Holiday Heartache

December 21, 2007

My father dropped in unexpectedly yesterday. He wanted to show me a couple of photos he received in a Christmas card from my brother Frank, and his wife, Stephanie. The photos were of their daughters.

I looked at the first one, and commented on how pretty Kristen looked. I moved on to the second one, then looked again with widening eyes and dropping jaw. Rachel looks just like Rebecca did at that age.

My dad laughed at my double-take, and told me about his own reaction when he saw the picture of Rachel. He thought to himself, “Why did they send me a picture of Rebecca when she was a little girl?” According to my father, my grandmother reacted pretty much the same way.

Rebecca came into the room, and we showed her the photos. When she didn’t say anything other than “awww, how cute,” we asked her if Rachel reminded her of anybody. She said, “Me.” Honestly, the resemblance is uncanny.

While we were talking, I mentioned to my father that I had paid a visit to my niece, Meaghan, on Wednesday. I told him that, much to my disappointment, baby Brody was asleep for the entire visit. I then showed him a picture Meaghan had given me of Brody and his sister, Lilliana.

My father teared up. Brody is my brother’s grandson. Mark never got to see him.

My father and I then talked about Mark, and how much we miss him. We cried together.

This is a bit off topic, but relevant. I am an empath. Empaths are very sensitive to the feelings of others. I just recently discovered that my daughter, Rebecca, shares this trait. This revelation came to me in St. Patrick’s Cathedral the other day.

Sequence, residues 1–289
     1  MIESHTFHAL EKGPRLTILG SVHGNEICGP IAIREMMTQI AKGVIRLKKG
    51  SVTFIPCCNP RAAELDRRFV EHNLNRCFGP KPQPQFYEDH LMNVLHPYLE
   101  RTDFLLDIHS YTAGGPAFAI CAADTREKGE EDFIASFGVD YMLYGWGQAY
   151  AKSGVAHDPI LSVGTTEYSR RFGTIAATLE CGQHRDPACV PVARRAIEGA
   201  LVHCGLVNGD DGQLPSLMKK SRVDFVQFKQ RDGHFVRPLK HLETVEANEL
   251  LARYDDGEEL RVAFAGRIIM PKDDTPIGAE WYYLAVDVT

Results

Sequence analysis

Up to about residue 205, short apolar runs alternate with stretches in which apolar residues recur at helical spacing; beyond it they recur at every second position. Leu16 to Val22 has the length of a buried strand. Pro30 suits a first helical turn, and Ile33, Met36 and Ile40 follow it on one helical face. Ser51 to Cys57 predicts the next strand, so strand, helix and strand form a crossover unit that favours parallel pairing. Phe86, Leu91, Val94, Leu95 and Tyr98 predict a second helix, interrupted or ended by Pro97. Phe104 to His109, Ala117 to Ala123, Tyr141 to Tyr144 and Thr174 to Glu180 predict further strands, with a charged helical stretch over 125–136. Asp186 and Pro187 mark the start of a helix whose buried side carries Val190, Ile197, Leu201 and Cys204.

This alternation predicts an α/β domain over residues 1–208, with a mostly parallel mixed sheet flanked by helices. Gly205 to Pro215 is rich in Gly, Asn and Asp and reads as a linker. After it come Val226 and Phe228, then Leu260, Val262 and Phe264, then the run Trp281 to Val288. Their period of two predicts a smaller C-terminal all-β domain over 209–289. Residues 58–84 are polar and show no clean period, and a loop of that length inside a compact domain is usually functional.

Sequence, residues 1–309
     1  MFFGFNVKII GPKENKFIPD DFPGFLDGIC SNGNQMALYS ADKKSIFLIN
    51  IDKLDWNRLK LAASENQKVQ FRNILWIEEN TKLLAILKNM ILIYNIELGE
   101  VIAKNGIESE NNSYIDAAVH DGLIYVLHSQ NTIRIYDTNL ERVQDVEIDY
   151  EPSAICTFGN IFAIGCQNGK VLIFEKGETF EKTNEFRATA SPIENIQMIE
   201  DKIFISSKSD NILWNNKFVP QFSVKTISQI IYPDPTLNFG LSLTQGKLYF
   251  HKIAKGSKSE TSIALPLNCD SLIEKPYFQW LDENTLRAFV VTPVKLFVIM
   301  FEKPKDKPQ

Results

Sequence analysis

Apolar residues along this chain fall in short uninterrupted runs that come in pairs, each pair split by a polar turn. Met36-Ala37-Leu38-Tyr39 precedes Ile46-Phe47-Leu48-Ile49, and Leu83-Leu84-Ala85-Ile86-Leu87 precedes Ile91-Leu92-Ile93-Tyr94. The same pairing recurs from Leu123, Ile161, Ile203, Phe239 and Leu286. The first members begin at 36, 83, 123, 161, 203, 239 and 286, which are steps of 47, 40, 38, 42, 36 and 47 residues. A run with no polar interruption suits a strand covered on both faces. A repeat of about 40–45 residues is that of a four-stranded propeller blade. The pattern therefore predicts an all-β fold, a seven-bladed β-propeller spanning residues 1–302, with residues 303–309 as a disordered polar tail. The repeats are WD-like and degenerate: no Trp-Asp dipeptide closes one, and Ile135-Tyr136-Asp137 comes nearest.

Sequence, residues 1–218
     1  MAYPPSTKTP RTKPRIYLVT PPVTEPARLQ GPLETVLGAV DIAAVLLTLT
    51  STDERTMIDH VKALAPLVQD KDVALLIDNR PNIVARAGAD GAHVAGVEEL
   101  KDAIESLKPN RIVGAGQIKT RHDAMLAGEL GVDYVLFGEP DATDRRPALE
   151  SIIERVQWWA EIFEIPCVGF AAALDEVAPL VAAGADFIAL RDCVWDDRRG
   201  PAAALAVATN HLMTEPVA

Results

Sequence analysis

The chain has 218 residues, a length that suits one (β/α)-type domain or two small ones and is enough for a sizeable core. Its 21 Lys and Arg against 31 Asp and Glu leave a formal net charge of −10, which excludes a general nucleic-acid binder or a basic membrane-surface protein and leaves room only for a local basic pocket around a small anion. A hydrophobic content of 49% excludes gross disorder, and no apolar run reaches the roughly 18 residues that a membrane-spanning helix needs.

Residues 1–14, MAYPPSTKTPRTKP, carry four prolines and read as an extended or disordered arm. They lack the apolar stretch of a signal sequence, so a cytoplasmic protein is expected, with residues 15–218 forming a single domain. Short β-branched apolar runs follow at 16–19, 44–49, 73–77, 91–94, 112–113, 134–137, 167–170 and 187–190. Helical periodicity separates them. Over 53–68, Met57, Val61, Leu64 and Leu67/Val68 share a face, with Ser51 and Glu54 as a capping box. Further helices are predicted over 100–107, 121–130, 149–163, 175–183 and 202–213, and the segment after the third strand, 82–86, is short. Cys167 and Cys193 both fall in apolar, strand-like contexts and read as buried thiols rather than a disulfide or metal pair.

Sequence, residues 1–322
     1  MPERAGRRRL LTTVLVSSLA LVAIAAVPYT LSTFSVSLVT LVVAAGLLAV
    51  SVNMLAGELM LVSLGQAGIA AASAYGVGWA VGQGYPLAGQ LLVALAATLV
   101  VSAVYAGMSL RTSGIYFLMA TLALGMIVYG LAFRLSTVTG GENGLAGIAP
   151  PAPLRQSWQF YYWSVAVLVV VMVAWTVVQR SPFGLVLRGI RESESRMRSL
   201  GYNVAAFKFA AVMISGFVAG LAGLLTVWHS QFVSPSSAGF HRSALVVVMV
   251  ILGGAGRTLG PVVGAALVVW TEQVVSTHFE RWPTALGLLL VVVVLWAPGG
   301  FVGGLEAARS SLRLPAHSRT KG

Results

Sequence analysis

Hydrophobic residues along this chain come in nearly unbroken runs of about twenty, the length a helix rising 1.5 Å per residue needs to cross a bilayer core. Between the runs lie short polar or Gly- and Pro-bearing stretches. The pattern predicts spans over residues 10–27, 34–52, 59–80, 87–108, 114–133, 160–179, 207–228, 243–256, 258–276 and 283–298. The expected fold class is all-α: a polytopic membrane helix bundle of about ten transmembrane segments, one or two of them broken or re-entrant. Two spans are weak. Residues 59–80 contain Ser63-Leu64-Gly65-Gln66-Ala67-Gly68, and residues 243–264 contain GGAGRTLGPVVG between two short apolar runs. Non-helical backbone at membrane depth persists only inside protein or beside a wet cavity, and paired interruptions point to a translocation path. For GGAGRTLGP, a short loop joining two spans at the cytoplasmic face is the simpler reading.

As we were walking up a side aisle, I experienced a tugging sensation (mental, not physical), and looked to my right. A nun was deep in prayer. The pain I felt coming from her took my breath away. Not physical pain, but emotional or spiritual pain. I didn’t say anything to Rebecca, and we continued on our way around the cathedral.

Then we came upon an altar dedicated to Mary. My eyes were immediately drawn to a kneeling man who had his face buried in his hands. His pain was almost palpable. It made my knees buckle. I had to get away. Before I could make a move, Rebecca said, “That man’s pain is getting to me.”

I looked at her in shock, and asked if she had had any other experiences like that during our time in the cathedral. She answered, “Well… there was a nun back there…” It was then that I knew. Like mother, like daughter.

Anyway, what I’m getting at is that my father’s pain was suffocating me. I couldn’t stand it. Having to experience my own pain is bad enough but when I have to take on the pain of others, as well, it can be too much.

Song of the Day: Everybody Hurts  by R.E.M.


5 Responses to “Holiday Heartache”

  1. LA said

    There’s a reason Ms Social Butterfly has chosen a career of isolation. Love you back! ~LA

  2. Although it must be exhausting to feel all the pain of others; hopefully you have found a way to help others get through their pain.
    So do you think the drink is helping with “your pain”? Did you have any soreness after your trip to NYC?
    Merry Christmas and thanks for sharing the beautiful pictures.

  3. yaketyyak said

    Monavie is definitely helping. I cleaned for six hours today, and, as I was doing my chores, I was DANCING around to the tunes on my ipod. Amazing!

  4. Joan said

    One of the reasons I went on effexor was because I would see someone who was hurting and I would let it ruin my day. I couldn’t get past it – I would think about them when I went to bed at night and it would upset me so much. Effexor allows me to “feel” for them, but appropriately, not obsessively.

  5. WCD said

    One of the hardest things about grieving is that we all do it differently and on our own timetable. And while we draw strength from one another it doesn’t make any of it easier. It’s healthy you can clearly see what you can handle and what you can’t.

    As a mother who’s lost a child, the idea that we have to bury our children first is overwhelming and horrifying at best. So I can identify with your father’s pain.

    I am hugging you gently from afar and hoping you have a better 2008.

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